Almost every year, I like to digitally “attend” the Electronic Entertainment Expo in Los Angeles, California, the biggest trade show in the video game industry. Since I started blogging regularly six years ago, I've tried to provide readers some written coverage of the show's numerous press conferences for the benefit of anyone interested in my raw thoughts on the week of product reveals and announcements. This year, I'm pleased to be able to bring my E3 coverage, such as it is, to Eruditorum Press. The following is a part of a series I'm writing on E3 2016, looking at the press conferences and events of three major players in the industry: Bethesda Softworks, Sony Computer Entertainment and Nintendo.
Last year, Bethesda gave its debut press conference at E3. It was a symbolic move indicating that the company, long known for its quality output, ethical business practices and loyal fanbase, had become a major enough player in the industry that it deserved to stand alongside the biggest names in the game like EA, Ubisoft and Microsoft. And though they didn't actually reveal a ton of new stuff, they revealed enough to keep people talking all throughout the show: Fallout 4 and Fallout Shelter stole the spotlight, while Doom and Dishonored 2 were pleasant surprises. This year was much of the same-Not a whole lot of “new” information per se, but enough (including one bombshell announcement I literally cannot wait to talk about, let alone play) to leave us with a good feeling. Over the past five years Bethesda has established themselves as my absolute favourite non-Nintendo AAA development studio and publishing house (basically meaning the only one I can still even remotely tolerate, though that does undersell them), and they sure didn't disappoint last night.
First up was Quake Champions. All we got to see was a reveal trailer, but that was enough to get me excited. I've always been more of a Quake person than a Doom person (though that's not to say I'm anything like a master of either) because I prefer to take my first-person shooters as old-fashioned multiplayer arena affairs. Suffice to say I have fond memories of Quake III: Arena, and I'm really happy id Software and Bethesda seem to be trying to bring that scene back by filtering it through e-sports to update it for modern audiences, hopefully without losing what made the original concept great. They pulled off the balance with this year's new Doom, so I'm confidant they can do it for Quake too. Interviews with the developers after the show seemed to indicate Bethesda/id are taking cues from recent games like Splatoon and Overwatch, where you find a character or class of weapon that fits your preferred playstyle and gain mastery in it, or jump between various classes as you see fit, which I think is a great way to utilize and update Quake's cast of characters. I just really hope by the time it comes out I'll have a gaming rig that can actually run it.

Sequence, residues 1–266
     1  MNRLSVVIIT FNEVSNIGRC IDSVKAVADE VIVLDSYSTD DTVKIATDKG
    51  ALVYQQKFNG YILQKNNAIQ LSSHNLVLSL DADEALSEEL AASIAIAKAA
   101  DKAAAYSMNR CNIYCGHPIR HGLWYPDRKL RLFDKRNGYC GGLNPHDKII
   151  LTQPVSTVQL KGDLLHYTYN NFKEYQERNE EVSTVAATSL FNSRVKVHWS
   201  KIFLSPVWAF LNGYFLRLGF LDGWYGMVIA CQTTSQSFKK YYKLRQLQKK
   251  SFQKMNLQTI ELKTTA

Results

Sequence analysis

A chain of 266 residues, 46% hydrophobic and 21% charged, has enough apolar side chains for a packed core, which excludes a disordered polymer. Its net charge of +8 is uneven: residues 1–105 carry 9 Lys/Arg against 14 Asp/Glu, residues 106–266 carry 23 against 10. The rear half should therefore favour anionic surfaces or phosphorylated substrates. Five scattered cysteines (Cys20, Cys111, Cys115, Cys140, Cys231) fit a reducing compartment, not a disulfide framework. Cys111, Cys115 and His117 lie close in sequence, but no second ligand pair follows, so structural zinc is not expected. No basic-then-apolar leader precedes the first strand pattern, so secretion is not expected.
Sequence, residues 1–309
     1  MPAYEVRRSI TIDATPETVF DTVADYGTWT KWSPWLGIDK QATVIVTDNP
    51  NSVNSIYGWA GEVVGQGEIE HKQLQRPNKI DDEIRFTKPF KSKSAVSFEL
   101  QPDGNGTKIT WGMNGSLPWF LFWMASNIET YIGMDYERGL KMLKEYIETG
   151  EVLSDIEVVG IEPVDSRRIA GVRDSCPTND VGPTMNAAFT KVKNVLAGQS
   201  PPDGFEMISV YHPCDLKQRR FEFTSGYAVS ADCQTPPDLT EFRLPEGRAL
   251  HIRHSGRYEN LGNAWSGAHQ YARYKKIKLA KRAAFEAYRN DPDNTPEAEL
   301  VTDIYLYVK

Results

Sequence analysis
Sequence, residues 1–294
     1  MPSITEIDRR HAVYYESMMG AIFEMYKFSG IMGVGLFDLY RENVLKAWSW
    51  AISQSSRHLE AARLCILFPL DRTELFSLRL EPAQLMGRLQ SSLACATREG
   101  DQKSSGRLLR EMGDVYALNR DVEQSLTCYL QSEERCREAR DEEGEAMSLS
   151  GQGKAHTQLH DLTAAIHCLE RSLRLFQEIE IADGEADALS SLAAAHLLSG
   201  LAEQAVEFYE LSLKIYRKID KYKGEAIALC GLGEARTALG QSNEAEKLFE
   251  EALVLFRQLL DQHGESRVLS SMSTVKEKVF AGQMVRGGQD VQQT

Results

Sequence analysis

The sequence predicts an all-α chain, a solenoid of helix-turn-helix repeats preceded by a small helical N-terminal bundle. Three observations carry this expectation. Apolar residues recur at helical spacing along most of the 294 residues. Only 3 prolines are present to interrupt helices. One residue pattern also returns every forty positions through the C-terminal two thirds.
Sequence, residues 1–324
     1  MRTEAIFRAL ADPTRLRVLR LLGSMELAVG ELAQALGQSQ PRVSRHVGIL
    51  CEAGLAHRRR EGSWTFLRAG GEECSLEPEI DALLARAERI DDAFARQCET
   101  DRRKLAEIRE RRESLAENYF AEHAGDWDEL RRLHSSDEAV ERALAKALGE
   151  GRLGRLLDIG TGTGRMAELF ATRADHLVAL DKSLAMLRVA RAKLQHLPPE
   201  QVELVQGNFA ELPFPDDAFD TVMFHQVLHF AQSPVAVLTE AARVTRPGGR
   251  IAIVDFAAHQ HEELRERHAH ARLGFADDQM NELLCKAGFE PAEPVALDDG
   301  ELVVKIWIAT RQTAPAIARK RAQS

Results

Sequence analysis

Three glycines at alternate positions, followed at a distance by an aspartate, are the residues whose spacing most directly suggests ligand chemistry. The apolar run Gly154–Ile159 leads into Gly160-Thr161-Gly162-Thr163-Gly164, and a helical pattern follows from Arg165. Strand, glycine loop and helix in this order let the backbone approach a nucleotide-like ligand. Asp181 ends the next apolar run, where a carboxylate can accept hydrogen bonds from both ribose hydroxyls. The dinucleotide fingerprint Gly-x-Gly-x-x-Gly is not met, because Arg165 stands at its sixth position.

The Elder Scrolls Legends was announced at last year's press conference, and it had a decent-sized showing at this year's as it's in Beta now. There was a fair amount of gameplay shown off to get players acquainted with how the collectible strategy card game for mobile and PC plays, as well as a new story trailer that sets the stage a bit. Now I've become a hardcore devotee of The Elder Scrolls series and its Tamriel setting, but I have to say I can't get interested in this. Mostly because it's primarily a mobile game and I don't have any of those devices, but also because I'm just kind of not into card battle games. I fell out of the whole collectible card game thing when I was a teenager following a brief flirtation in elementary school, and I have a hard time getting excited for even a digital version of one. Also (TES lorehound alert), I'm just really tired of stories about the Thalmor, the Aldmeri Dominion and battles for the Imperial City in Cyrodiil by this point. It seems like a lot of recent TES games have fallen back on one stock, archetypal plot distilled from The Elder Scrolls IV: Oblivion and The Elder Scrolls V: Skyrim and filtered through The Lord of the Rings. Surely there's far more stories the world of Tamriel lends itself to than this?
There's some new content on the way for Fallout 4! I can't comment too much here because I am of this writing still yet to actually play Fallout 4, as it cannot possibly run on any gaming machine I have in my house. One update will allow you to build really cool-looking Rube Goldberg machines out of stuff you find lying around in the wasteland. The trailer, choice of music and general concept reminded me a lot of an old Tom and Jerry cartoon where Tom tries to build “The Better Mousetrap” to catch Jerry, which is this ridiculous Rube Goldberg machine he outlines on an enormous drafting board in his attack. It's one of my favourite Tom and Jerrys, and I think the idea of bringing something like that to Fallout 4 is cute and fitting. Another update will allow you to build your own Fallout Shelter (similar to, but different from, the actual *game* Fallout Shelter), which will have story content and is presumably set before the nuclear apocalypse happens. And the final expansion pack teased for Fallout 4 is set in an amusement park called Nuka-World which was built by the makers of the infamous Nuka Cola before the bombs fell. And speaking of Fallout Shelter, there will be a new update to that game introducing a new story mode and combat system, as well as PC port.